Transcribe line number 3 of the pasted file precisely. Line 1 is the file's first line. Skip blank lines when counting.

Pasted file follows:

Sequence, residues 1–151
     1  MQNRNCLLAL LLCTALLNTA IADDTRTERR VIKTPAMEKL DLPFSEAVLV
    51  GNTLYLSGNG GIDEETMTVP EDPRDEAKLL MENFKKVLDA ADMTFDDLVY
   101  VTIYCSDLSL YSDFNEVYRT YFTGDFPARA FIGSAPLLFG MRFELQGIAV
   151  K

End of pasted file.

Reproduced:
    51  GNTLYLSGNG GIDEETMTVP EDPRDEAKLL MENFKKVLDA ADMTFDDLVY